Justice at last for Caledonia man arrested for carrying a Canadian flag

Posted on October 7, 2019 in Equality Delivery System

Source: — Authors:

NationalPost.com – Full Comment
Christie Blatchford

The Supreme Court has done what Canadian politicians find so achingly difficult to do: the palpably, plain-as-the-nose-on-your-face right thing

And so, in the middle of this utterly disheartening election campaign, there comes a welcome ray of light.

An institution, in this case a court, has done what Canadian politicians and political parties find so achingly difficult to do — that is, the palpably, plain-as-the-nose-on-your-face right thing.

It is a unanimous decision, bitingly written by Justice Suzanne Cote from the Supreme Court of Canada and it puts a shine — a happy ending — on the disgraceful 10-year-long ordeal of Randy Fleming.

Fleming was arrested by a half-dozen Ontario Provincial Police officers on May 24, 2009, wrestled to the ground, hands cuffed behind his back and permanently injured, transported to a nearby detachment and kept in a cell for almost three hours.

A resident of Caledonia, Fleming was protesting the then three-year-old occupation of Douglas Creek Estates, once a housing development under construction, by Six Nations protesters.

By this time, the province of Ontario had bought the land and allowed the protesters to remain on the site and fly the flag of the Mohawk Warriors, the OPP had perfected its two-tiered policing (whereby officers spent most of their time arresting non-native protesters while allowing native protesters to terrorize the area, the best illustration of that a period when the occupiers issued “passports” to non-natives who lived near Douglas Creek Estates and demanded they show them whenever they were coming or going), and the citizenry was exhausted by it all.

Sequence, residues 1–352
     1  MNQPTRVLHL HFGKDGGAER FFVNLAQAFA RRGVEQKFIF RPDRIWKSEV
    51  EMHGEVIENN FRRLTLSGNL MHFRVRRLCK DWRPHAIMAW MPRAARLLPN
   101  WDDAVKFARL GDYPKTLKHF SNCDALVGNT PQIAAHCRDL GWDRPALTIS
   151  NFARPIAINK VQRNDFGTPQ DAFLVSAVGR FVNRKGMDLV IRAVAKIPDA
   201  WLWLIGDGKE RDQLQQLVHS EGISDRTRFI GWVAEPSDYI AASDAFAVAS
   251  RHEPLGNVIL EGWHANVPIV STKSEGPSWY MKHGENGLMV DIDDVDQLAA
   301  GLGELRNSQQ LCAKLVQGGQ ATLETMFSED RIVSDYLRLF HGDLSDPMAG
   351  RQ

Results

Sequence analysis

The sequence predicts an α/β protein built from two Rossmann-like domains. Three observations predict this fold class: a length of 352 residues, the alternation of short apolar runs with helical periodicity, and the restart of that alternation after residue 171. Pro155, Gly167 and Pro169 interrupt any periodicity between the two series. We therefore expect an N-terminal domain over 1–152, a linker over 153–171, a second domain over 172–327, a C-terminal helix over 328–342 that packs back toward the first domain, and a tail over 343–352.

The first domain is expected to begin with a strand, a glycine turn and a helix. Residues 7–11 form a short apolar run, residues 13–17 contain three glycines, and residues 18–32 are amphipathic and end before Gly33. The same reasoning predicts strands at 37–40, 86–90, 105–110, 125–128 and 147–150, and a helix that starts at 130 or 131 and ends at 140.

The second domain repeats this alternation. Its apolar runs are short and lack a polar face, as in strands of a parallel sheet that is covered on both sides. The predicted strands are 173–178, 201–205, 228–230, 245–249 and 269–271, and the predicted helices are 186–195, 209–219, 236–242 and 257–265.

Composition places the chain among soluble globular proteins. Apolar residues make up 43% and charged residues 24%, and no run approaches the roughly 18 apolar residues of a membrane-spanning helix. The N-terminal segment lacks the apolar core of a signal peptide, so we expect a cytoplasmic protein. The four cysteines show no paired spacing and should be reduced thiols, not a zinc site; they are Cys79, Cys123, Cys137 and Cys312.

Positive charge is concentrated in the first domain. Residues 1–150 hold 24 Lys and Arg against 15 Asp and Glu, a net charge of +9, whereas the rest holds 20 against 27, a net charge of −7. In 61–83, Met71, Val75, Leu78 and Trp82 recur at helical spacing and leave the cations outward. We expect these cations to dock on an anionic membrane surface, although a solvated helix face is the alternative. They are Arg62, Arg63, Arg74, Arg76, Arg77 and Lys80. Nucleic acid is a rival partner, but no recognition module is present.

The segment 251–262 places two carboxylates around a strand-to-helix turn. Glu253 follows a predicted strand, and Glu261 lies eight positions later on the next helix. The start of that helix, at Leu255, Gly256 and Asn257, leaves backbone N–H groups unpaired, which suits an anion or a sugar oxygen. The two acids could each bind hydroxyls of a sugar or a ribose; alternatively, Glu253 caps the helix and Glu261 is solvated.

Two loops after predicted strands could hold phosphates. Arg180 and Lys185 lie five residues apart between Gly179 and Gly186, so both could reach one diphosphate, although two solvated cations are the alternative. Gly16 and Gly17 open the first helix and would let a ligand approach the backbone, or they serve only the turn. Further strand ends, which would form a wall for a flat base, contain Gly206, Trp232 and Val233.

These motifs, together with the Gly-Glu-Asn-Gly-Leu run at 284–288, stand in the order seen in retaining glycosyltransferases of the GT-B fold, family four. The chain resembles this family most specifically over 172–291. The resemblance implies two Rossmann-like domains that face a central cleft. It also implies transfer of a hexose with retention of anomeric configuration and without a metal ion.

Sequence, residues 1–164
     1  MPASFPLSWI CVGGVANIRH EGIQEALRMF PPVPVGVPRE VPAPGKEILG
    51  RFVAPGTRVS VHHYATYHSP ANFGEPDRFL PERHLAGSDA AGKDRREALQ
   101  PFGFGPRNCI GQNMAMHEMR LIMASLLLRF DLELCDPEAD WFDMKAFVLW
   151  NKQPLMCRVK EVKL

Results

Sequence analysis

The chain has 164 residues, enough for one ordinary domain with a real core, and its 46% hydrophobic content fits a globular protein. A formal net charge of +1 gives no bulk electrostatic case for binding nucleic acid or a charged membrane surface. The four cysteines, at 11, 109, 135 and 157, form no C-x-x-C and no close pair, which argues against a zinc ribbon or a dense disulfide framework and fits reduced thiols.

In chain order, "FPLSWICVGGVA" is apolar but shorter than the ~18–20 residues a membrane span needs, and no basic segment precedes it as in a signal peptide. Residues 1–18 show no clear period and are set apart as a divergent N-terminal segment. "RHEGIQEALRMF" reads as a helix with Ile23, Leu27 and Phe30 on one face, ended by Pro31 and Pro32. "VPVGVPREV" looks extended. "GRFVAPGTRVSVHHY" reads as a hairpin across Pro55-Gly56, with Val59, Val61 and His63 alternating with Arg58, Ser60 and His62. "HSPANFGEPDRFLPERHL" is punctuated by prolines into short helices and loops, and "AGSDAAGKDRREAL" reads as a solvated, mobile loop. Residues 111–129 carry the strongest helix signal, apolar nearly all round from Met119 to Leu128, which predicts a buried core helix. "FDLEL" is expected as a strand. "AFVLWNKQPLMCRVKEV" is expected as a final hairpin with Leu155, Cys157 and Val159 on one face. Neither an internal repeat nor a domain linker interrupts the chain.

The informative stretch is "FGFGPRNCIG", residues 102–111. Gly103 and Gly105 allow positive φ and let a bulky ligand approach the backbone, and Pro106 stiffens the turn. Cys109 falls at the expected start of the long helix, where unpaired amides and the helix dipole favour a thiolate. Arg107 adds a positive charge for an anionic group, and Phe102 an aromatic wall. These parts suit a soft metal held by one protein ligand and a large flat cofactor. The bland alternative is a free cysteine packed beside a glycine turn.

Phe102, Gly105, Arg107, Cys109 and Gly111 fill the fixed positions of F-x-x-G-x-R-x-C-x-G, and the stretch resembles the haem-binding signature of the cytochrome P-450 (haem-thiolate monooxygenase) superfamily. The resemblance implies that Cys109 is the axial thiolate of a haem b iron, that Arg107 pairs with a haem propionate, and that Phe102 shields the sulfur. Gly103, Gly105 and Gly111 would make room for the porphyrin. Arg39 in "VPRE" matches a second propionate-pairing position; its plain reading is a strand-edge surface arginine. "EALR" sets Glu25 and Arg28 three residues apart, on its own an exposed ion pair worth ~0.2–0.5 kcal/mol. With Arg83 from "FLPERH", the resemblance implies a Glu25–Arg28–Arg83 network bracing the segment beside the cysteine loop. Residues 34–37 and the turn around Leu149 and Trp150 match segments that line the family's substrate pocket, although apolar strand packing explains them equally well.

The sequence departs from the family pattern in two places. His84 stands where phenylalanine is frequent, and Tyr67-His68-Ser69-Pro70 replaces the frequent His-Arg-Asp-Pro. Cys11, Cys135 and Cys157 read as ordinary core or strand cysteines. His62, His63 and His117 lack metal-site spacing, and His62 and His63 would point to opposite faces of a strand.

Most everyone but a small group led by activist Gary McHale had completely given up. This one small group organized occasional “flag rallies,” where they would attempt to walk up the town’s main street, carrying a Canadian flag, the lawless bastards.

They were always poignant events: Poorly attended, there was never any illegal activity planned just a mild show of defiance, and yet to judge by the police presence, it was, every time, as though a giant mask-clad group of Antifa had descended brandishing weapons.

May 24, 2009 was one such rally.

This time, the plan was for the protesters to walk along the main street and raise a Canadian flag across from the main entrance of Douglas Creek Estates.

Fleming began walking toward the housing development, where he planned to meet up with the others. He was carrying a Canadian flag on a wooden pole.

An OPP squad passed him, turned around and headed back to his location.

He saw the two vans and a prisoner’s wagon approaching, moving fast.

To avoid being smushed by them, he moved off the shoulder of the road, into a ditch and up onto DCE property, causing a group of DCE occupiers to begin moving towards him. None of them had any weapons nor even uttered any threats.